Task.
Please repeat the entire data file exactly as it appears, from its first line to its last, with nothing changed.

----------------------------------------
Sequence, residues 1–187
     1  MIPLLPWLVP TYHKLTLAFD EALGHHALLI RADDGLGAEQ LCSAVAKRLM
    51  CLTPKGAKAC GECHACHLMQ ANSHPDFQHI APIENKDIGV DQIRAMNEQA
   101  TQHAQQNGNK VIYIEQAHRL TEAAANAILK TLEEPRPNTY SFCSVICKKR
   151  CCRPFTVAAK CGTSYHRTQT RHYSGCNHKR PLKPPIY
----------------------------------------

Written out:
Sequence, residues 1–187
     1  MIPLLPWLVP TYHKLTLAFD EALGHHALLI RADDGLGAEQ LCSAVAKRLM
    51  CLTPKGAKAC GECHACHLMQ ANSHPDFQHI APIENKDIGV DQIRAMNEQA
   101  TQHAQQNGNK VIYIEQAHRL TEAAANAILK TLEEPRPNTY SFCSVICKKR
   151  CCRPFTVAAK CGTSYHRTQT RHYSGCNHKR PLKPPIY